Archive for January, 2006

Anonymous marking

Monday, January 30th, 2006


The UK’s National Union of Students (NUS) has begun a campaign called ‘Mark My Words, Not My Name’, aimed at ensuring all student work is marked anonymously.

I’m all in favour of this. A few years ago I undertook the marking of around 60 large written pieces, investigations in to the workings of design firms. I asked that students submit their work with only their enrolment numbers for identification on each page and the cover, then took them home for a long Christmas of marking.
When I got the marks back to work in the new year I transferred them from the sheet to the official results form and after verification they were released (oh how I miss modular schemes where students know how they’re doing before the last day of the academic year).

There was quite a fuss. Students who, up until then, had been getting great grades had apparently slipped up, while those who had resigned themselves to Cs and Ds were getting As and Bs. Not everyone was happy, to say the least, especially one or two of my colleagues who leapt in to defend certain individuals: ‘but she always gets good grades’, ‘he’s such a hard worker’ or worse, condemn some: ‘he never shows up’, ‘he’s always late in’, ‘she’s lazy’. (On my first day in the job Iwas given a list of students who staff felt my predecessor should have ‘got rid of’. They were all students deemed to be failures, lazy good for nothings. Deciding to be my own judge I investigated and found that one was caring for a sick mother, another was the primary carer for her sisters, and another was battling a serious illness he didn’t want anyone to know about. Not only were these students models of perseverance, they were also beneficiaries of anonymous marking – their grades shot up the moment no one could put a name or face to the work).
No one seemed to stop and think that this was the first time in these students’ degrees – and this was right at the end of the third year – that they had been marked anonymously. And the results suggested that up until then grades were allocated on less than fair grounds.

In my current job I don’t really get to know my students until the end of the second year so up until then my marking is by default virtually anonymous. There are exceptions – the odd student whose name you get to know, either because they’re always asking intelligent questions, or they shop in the same supermarket, work behind the bar at your local, or are already waiting at the door when you arrive with a ready smile and a friendly greeting. They stick in the mind, not so much ‘favourites’ but more just ‘known’. The submission procedure here means that student work arrives with their name on the front of the feedback sheet so it’s difficult to avoid it. But I try to turn immediately to the work without seeing whose it is I’m marking.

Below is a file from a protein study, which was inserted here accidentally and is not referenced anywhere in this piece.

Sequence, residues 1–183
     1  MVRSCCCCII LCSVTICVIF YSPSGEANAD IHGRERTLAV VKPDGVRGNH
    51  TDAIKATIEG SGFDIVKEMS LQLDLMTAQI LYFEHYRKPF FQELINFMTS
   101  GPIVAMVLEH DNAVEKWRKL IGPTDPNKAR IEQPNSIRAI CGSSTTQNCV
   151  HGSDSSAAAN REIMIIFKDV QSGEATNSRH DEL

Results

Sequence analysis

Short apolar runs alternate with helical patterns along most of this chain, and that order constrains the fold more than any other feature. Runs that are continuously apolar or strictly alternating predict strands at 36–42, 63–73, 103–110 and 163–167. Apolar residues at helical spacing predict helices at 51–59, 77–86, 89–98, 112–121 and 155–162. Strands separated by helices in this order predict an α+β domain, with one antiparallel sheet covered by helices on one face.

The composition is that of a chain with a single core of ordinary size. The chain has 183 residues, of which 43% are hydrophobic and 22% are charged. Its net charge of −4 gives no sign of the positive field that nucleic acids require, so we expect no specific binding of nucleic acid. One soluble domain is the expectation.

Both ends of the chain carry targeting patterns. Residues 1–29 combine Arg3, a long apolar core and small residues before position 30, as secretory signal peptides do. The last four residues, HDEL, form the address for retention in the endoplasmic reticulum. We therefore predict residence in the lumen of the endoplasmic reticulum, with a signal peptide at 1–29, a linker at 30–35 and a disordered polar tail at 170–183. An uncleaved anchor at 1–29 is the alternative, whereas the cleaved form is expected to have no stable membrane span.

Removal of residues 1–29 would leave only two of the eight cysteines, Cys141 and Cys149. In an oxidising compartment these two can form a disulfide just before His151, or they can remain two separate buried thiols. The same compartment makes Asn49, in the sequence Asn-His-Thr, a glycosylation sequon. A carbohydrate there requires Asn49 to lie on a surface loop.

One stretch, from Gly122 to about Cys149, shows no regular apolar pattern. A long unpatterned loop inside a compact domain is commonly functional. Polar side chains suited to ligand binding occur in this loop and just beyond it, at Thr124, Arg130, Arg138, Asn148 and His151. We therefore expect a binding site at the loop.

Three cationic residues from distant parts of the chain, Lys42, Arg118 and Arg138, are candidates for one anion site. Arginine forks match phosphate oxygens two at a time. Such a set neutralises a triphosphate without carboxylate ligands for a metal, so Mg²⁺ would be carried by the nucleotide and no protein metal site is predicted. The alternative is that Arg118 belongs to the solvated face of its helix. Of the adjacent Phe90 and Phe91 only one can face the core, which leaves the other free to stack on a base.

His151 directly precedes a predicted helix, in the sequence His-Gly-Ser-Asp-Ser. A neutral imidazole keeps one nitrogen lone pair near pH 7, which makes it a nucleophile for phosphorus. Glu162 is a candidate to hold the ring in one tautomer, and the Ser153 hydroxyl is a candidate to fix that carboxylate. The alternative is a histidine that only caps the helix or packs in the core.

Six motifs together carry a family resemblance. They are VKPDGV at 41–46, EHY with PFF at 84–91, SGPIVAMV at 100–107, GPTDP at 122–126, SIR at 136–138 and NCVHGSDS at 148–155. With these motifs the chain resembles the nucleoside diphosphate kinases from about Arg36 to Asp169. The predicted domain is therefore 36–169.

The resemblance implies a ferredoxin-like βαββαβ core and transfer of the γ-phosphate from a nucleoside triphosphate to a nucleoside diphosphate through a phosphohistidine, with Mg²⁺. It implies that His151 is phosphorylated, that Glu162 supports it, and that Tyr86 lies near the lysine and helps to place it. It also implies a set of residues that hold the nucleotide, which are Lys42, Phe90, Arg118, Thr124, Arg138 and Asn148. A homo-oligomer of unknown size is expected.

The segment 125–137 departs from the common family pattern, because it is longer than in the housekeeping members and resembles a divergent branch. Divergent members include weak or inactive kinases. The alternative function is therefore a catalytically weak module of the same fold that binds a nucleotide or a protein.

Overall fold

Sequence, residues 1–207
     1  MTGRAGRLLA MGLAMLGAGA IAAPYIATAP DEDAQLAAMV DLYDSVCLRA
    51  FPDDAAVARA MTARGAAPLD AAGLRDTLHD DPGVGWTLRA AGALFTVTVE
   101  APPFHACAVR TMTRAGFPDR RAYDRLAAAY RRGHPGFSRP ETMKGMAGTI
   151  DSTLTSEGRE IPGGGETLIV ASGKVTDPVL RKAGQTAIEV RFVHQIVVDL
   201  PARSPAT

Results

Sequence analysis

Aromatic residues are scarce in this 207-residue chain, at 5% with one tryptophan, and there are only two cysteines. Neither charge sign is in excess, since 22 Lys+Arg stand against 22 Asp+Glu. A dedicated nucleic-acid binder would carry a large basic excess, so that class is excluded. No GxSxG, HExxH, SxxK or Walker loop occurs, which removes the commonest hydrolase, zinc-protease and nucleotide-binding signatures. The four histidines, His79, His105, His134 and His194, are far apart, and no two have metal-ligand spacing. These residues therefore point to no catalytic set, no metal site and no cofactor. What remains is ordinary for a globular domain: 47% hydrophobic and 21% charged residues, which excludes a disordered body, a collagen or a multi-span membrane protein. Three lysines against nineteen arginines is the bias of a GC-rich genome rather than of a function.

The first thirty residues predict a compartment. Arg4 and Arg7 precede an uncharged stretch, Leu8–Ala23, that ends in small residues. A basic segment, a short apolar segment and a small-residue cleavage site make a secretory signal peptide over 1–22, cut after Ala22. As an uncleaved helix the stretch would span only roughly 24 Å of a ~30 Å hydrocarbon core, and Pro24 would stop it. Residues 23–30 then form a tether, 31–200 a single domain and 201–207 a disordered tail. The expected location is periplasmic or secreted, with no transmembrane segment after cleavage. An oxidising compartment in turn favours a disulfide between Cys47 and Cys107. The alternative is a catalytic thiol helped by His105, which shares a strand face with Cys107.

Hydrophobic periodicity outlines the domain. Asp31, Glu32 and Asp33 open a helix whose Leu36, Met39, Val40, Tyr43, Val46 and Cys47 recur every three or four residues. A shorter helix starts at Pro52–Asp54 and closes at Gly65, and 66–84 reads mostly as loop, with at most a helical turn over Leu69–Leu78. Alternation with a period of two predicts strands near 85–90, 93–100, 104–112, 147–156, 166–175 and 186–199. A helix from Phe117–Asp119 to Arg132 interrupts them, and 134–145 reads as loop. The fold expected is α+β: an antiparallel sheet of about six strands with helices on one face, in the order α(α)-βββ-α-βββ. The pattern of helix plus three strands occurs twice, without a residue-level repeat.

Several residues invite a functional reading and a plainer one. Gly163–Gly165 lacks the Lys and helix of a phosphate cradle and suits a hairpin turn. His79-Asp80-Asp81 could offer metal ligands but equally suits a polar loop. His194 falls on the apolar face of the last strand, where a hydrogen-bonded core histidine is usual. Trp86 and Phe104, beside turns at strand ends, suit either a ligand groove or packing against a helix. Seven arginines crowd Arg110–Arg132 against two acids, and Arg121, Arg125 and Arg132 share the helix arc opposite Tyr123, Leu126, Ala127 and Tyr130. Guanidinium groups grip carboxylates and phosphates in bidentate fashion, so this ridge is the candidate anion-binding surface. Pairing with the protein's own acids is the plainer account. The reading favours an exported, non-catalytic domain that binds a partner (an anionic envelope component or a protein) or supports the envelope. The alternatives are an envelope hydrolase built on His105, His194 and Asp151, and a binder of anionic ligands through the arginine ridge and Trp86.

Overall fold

Occasionally I slip up and then I’ll put the piece away to come back to later. The worst issue arises when I’ve looked at the work, compared it to the criteria I’ve set and then, about to write the comments and mark down I spot the name and think ‘oh but they deserve better…’

It’s a natural instinct to be more supportive to people you like – and I mean ‘like’ in a purely professional manner. It was interesting at one institution that my anonymous marking usually meant that female students got lower marks than usual while male students got higher. This seems to be the opposite of other experiences, at Swansea for example where, according to the NUS site, ‘anonymous marking is a sure way of guaranteeing equal opportunities and eliminating discrimination within our Institutions. Swansea University introduced anonymous marking as the case for it is a strong one. Since being introduced into Swansea the percentage of women achieving first’s or 2:1s has increased by 13%.’
According to the NUS’s women’s officer ‘anonymous marking is a perfect example of how we can change women’s lives for the better by ensuring that their grades reflect their ability to study, not an outdated gender prejudice. The main strength of anonymous marking is that it is a system that does not allow an individual’s response to a student’s work to be influenced by a set of pre-conceived assumptions or prejudices. When anonymous marking is implemented, all the research suggests that while men continue to achieve the same grades, women students achieve better grades.’